Census 2020

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In 2020, the U.S. Census Bureau will be conducting its decennial census - a constitutionally mandated headcount of everyone living in the United States. An accurate Census count is vitally important for local communities, which is why the City of East Lansing has formed a Census 2020 Complete Count Committee that is working to get the word out about the importance of being counted. 

If You Live Here, Be Counted Here


Anyone who lives in East Lansing the majority of the year (six months or more), whether they are a year-round resident, college student* or international community member (regardless of citizenship status; see international citizenship section below).

It's also important to note that Census forms are 100 percent confidential; strict federal law protects Census responses. 

*In most cases, MSU students should still be counted in East Lansing, even if they have temporarily relocated due to the COVID-19 pandemic. Special thanks to ASMSU and COGS student leadership for sending this email out to Spartans on Wednesday, March 18. 

Census Form Now Online


The 2020 Census form is now available to be filled out online at https://2020census.gov/. Most community members should have received an invitation in the mail to fill out their form online, but if they didn't, they can still fill it out by looking for the link indicating that they don't have their Census i.d.


Why is it important?


Responding to the Census is not only an individual's civic duty; it also affects how much federal funding that communities receive to support housing, education, transportation, employment, healthcare and more. Federal funding of approximately $1,800 per person, per year will be allocated to communities over the next 10 years for each person counted. In Michigan, 42 percent of the state's budget relies on federal funding and more than $15 billion in federal and state funding has been distributed to Michigan communities annually based on Census data. An accurate Census count also helps communities to plan for the future (i.e. business attraction, neighborhood/housing improvements) and is essential for fair distribution of political representation.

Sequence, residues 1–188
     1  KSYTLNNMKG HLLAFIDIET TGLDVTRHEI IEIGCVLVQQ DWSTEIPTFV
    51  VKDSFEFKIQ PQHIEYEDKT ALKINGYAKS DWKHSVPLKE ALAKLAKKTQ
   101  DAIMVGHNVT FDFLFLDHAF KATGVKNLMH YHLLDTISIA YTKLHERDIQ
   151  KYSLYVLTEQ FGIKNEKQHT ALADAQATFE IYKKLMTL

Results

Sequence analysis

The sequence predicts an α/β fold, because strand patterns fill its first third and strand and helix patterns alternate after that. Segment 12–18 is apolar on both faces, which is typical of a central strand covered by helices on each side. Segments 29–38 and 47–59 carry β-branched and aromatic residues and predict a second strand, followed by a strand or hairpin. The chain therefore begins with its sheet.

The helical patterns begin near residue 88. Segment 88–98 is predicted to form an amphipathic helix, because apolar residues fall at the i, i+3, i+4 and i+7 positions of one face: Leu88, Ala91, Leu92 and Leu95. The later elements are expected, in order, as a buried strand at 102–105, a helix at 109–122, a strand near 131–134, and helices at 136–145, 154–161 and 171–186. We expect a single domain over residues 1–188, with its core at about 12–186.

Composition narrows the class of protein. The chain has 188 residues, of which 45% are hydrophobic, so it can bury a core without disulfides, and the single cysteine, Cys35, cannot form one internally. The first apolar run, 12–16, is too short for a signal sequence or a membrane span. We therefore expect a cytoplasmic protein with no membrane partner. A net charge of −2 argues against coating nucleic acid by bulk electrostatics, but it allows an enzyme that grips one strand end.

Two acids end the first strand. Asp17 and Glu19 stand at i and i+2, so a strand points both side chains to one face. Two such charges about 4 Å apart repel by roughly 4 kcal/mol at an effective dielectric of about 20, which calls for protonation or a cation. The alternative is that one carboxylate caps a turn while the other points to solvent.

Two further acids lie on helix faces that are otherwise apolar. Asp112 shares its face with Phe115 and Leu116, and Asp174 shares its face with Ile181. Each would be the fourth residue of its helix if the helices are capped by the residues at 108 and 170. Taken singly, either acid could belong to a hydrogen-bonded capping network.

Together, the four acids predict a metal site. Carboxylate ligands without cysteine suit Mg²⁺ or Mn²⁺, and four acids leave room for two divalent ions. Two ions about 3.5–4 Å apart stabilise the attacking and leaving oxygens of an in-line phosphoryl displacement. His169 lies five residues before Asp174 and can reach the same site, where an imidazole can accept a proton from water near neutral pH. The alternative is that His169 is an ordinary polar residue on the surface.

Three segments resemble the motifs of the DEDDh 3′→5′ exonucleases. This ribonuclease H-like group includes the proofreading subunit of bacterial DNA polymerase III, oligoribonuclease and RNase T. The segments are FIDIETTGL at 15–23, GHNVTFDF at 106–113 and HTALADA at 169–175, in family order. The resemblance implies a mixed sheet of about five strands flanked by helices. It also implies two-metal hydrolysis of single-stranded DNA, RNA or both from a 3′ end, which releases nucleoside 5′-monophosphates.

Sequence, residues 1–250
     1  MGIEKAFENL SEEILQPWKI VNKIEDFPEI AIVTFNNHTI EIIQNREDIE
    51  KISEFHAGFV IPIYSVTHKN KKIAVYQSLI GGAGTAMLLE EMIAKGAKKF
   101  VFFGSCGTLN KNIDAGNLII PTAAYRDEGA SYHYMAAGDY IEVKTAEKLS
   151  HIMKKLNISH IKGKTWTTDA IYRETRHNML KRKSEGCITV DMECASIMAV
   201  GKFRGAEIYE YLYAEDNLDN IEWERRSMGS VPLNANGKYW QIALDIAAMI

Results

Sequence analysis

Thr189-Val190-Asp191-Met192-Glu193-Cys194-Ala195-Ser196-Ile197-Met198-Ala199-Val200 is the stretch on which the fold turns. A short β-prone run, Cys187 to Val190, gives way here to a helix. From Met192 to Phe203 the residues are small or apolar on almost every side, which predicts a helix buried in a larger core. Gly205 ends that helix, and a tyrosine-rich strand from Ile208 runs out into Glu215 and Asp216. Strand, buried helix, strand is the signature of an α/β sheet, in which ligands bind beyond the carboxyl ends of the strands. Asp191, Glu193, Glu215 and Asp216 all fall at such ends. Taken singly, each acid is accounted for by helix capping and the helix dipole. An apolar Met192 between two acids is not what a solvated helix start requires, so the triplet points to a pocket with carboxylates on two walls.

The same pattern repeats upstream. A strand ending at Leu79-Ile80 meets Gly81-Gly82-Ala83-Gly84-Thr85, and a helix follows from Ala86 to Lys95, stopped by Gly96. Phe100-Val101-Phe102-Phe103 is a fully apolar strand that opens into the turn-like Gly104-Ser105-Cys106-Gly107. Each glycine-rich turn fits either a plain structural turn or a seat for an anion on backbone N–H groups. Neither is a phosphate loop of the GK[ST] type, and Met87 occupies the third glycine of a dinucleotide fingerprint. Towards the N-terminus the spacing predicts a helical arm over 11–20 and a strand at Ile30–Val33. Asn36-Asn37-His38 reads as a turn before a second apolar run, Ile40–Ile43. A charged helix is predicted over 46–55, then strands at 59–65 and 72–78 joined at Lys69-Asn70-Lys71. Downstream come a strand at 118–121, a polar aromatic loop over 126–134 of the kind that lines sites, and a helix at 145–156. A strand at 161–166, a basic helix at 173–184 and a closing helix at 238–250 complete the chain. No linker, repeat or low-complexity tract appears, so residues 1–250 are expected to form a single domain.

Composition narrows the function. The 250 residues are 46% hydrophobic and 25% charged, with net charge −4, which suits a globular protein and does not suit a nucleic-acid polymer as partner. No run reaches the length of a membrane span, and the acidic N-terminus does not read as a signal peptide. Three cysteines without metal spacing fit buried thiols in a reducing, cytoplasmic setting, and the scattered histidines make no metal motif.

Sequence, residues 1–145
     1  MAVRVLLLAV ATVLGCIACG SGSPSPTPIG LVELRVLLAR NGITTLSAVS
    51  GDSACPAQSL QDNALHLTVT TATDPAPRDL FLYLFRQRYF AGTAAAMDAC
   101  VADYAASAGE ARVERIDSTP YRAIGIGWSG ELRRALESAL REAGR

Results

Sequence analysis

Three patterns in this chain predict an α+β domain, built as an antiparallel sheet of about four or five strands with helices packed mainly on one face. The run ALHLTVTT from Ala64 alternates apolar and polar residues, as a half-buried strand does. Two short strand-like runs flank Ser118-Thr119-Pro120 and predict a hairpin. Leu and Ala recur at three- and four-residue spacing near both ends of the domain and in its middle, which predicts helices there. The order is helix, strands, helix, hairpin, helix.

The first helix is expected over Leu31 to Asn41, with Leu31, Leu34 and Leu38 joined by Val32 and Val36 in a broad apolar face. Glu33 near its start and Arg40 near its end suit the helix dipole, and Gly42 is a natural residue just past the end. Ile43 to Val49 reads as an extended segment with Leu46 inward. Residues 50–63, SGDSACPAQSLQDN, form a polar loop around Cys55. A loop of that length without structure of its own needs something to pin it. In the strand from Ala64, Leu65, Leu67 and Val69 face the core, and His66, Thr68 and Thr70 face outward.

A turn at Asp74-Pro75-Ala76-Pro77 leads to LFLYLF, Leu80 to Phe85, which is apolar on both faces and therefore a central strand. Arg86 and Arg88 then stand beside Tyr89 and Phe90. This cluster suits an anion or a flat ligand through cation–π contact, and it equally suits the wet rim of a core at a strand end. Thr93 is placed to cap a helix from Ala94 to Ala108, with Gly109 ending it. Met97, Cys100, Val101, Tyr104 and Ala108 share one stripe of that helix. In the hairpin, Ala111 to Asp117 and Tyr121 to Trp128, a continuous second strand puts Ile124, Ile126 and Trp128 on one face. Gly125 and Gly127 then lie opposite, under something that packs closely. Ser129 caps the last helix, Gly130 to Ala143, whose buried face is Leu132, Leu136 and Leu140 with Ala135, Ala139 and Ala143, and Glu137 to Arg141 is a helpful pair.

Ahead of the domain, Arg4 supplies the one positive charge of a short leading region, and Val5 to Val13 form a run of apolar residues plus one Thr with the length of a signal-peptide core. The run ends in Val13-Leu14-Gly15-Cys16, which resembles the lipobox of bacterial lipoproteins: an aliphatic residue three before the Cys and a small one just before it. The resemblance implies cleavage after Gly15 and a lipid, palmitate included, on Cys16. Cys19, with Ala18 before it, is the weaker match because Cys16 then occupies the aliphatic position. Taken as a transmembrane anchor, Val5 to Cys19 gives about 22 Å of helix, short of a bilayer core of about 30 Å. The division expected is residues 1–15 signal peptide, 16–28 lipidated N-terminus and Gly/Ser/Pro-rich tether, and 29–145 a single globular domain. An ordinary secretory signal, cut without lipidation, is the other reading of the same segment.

Census Count Process


Beginning in March 2020, most households (80 percent) will receive an invitation to complete the Census questionnaire online. The other 20 percent of households (areas identified as less likely to respond online) will receive a paper questionnaire along with their invitation to respond online or by phone. A series of reminder letters and postcards will be sent following this initial mailing and the U.S. Census Bureau will follow up in person with households that have yet to respond in late April 2020. Learn more

International Citizenship


The current version of the Census form, which is being printed for distribution in the spring, does not have a citizenship question. At this point, there is no indication that the citizenship question will be added to the form. Individuals with international citizenship status should still fill out the Census form indicating where they live on April 1, 2020. Individuals are encouraged to fill out as much information as they feel comfortable sharing. 

Languages


Online Census forms and phone assistance will be available in English, Spanish, Chinese, Vietnamese, Korean, Russian, Arabic, Tagalog, Polish, French, Haitian, Creole, Portuguese and Japanese. Mailed Census forms will be available in English and bilingual English/Spanish. Language guides will include versions in American Sign Language, Braille and Large Print. 

Sample Census Form


View a Census 2020 Sample Form (PDF).

Census Jobs


The U.S. Census Bureau is currently hiring Census takers. In addition to helping support the local community, Census jobs provide an opportunity to earn extra income (weekly pay) and work flexible hours. The jobs also offer paid training. Visit 2020census.gov/jobs to learn more and apply.